The Sphinx is a giant statue of the head of a pharaoh in a traditional head-dress, with a lion's body, and made of soft limestone. It is believed, due both to its location and its resemblance, that it is the face of King Chefren. It is said that the statue is the guardian spirit of his pyramid complex. It was built between 2558 and 2532 BC, as part of King Chephren's pyramid complex (comprised of the Pyramid, the Sphinx, the Mortuary Temple and the Valley Temple).
As the sun continued to sink, we entered the Great Pyramid of Khufu (Cheops). At 481 feet high, it was the tallest structure on Earth for over 40 centuries; it was only in the nineteenth century that it was eclipsed. The pyramid today stands only about 450 feet high having lost about 30 feet of its original height over the centuries due to natural erosion from wind, pollution, rain and sun exposure. Each side of Cheops is oriented to the cardinal points of the compass, north, south, east and west. Each side measures 751 feet and has an amazing maximum error in length of less than 0.1%. Over two million blocks of stone were used in the construction with each weighing over two tons.
  The original entrance is above the newer
entrance used today
After entering the pyramid on the north side, we followed original, dimly lit corridors of solid rock to the King's Chambers, passing multiple side-passages to the pyramid's many other chambers and galleries. The floor and walls of this passageway are rough and uneven. The burial chamber is lined with red granite. The only remaining item inside the burial chamber is Khufu's sarcophagus. The sarcophagus is made of chocolate-colored granite and is, like the pyramid itself, perfectly aligned with the four points of the compass. It is possible that the sarcophagus was constructed inside the chamber, as the entrance to the room is a mere centimeter wider than the sarcophagus.
Upon reaching the entrance to the King's Chambers, the lights suddenly went dark to enhance our final initiation in this amazing, ancient structure. In the blackness, we had to stoop down to enter the very low, narrow channel that lead to the chamber, located in the heart of the pyramid. Only a small candle held by Halle (proprietor of Spirit Quest Tours) could be seen at the far end of the corridor into the King's Chamber. Once inside we were approached individually by Greg (proprietor of Spirit Quest Tours) to participate in our last initiation, meant to apply our conscious will toward creating profound change in our lives, and in the world.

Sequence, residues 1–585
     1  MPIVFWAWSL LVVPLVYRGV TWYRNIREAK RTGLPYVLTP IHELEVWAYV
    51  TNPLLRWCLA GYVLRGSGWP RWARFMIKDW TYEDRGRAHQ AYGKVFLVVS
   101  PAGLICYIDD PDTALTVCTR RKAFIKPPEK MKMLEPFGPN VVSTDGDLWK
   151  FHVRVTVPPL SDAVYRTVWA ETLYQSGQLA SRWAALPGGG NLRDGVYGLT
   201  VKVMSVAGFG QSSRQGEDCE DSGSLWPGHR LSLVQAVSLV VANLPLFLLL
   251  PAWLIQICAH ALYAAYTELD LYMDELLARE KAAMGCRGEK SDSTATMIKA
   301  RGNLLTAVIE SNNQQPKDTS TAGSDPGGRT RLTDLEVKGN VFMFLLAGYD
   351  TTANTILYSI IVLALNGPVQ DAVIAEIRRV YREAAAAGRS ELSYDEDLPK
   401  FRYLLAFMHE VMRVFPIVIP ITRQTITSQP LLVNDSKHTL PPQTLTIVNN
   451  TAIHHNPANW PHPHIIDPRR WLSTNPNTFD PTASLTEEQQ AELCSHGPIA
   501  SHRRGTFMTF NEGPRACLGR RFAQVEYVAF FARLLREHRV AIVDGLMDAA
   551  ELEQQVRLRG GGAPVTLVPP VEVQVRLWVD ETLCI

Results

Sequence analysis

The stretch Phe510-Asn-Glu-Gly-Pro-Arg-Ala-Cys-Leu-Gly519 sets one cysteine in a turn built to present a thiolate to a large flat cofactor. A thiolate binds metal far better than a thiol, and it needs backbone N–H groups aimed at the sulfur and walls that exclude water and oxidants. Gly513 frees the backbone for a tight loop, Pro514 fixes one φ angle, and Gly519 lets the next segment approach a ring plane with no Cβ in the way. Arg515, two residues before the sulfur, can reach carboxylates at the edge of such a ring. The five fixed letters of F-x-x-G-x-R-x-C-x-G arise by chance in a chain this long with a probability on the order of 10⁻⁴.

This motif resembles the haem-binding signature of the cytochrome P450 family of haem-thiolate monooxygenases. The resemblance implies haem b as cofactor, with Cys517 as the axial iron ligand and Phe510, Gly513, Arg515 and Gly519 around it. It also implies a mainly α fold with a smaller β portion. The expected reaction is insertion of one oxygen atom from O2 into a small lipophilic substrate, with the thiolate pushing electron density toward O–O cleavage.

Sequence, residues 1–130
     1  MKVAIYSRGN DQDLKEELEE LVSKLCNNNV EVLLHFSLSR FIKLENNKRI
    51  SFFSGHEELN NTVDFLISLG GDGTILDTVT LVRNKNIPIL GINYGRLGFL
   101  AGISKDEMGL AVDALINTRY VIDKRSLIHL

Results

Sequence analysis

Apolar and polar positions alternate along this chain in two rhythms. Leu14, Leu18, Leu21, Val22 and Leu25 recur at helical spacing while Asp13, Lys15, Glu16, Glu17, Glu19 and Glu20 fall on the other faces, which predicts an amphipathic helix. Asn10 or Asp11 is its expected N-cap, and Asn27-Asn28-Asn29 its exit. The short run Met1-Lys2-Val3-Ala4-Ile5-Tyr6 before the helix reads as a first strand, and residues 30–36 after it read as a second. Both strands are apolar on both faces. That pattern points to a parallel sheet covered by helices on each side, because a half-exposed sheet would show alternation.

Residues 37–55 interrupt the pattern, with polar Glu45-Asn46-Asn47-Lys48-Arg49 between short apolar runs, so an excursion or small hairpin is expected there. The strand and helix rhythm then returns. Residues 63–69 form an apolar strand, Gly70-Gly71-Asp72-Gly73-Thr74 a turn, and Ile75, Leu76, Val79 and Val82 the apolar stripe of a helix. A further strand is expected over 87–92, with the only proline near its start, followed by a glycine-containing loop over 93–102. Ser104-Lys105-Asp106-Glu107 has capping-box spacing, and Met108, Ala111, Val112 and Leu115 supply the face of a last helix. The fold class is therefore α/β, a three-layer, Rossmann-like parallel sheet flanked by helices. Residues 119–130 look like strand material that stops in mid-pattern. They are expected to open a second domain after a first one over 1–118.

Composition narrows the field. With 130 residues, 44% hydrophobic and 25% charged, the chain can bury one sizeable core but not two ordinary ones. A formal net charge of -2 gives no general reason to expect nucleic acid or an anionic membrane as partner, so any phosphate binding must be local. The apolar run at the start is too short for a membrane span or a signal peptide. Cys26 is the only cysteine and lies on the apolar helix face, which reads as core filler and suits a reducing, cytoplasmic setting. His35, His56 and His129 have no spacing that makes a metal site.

Greg & Halle in the King's
Chamber, proprietors of
Spirit Quest Tours
Cindy Ferguson in the
King's Chamber
 
Some believe the King's Chamber is an interdimensional portal, intended to bring more of who you really are into your present third dimensional reality. What you are doing is traveling to the equivalent of the future, a more evolved you, and upgrading all or part of you. You may intend that specific parts be replaced/healed, or just intend that any upgrades that you are able to integrate at this time be installed during this session.

Toning by candle-light within the King's chamber (surrounding the sarcophagus) was as profound as any experience I have had, to date. Red Granite (the lining of the chamber) is by nature full of quartz crystal. Quartz is a natural resonator and some believe the ancient Egyptians employed the use of red granite BECAUSE of it’s incredible acoustical properties, resulting in an overpowering echo, a true melodic symphony. Please also keep in mind that some of the frequencies that resonated as a result of toning in the King’s Chamber are of an infrasonic band, or very low frequency. Infrasonic acoustical energy is recognized as a healing modality by the medical establishment.

Once Halle and Greg formally concluded the initiation, instantly, and quite mysteriously, the lights once again illuminated. I made may way out of the Pyramid, taking note of the maze of pathways, and finally made my exit from the pyramid into a sea of pink haze from a lingering sunset, cast across the three desert giants and Cairo down below. The sun had almost vanished, and a crescent moon hung directly above the great Pyramids of Giza. As an ancient warm breeze blew, I wandered alone towards a smaller nearby vacant ruin complex, the Royal Cemetery. It contained several mastabas (Ancient Egyptian tomb in the form of a flat-roofed, rectangular structure with outward sloping sides) scattered in front. A pack of Baladi dogs (Egyptian desert dogs) ran over to investigate this stranger roaming their ancient sands. After a few minutes, they all ran off, nibbling at each others tails. Suddenly, rising up from Cairo far below (blanketed in now, a deep rose haze), a melodic Muslim "call to prayer" echoed across the city in a mighty man-made chorus from towering minuets above the city-scape. I sat in complete peace and listened, the wind gently kissed my face and echoed in my ears, as the sky slowly faded to dark.
What an amazing way to say good-by to Egypt, for now.